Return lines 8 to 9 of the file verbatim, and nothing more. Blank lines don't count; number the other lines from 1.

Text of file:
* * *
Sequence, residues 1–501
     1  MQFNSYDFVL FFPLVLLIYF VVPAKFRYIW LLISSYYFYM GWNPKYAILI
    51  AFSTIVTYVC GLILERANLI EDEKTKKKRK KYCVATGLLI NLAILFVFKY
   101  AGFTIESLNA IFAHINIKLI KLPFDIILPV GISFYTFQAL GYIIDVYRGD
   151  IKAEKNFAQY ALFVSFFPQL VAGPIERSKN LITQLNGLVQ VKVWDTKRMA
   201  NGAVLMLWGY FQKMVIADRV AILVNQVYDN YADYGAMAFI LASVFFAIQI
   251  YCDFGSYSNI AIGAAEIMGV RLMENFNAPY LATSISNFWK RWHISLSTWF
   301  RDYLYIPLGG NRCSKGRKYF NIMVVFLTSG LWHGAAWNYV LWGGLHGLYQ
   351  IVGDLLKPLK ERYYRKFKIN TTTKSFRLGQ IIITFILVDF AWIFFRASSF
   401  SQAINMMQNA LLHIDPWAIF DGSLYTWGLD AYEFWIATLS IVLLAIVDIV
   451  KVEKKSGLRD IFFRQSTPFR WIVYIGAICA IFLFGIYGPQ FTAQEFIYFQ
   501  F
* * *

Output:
   301  RDYLYIPLGG NRCSKGRKYF NIMVVFLTSG LWHGAAWNYV LWGGLHGLYQ
   351  IVGDLLKPLK ERYYRKFKIN TTTKSFRLGQ IIITFILVDF AWIFFRASSF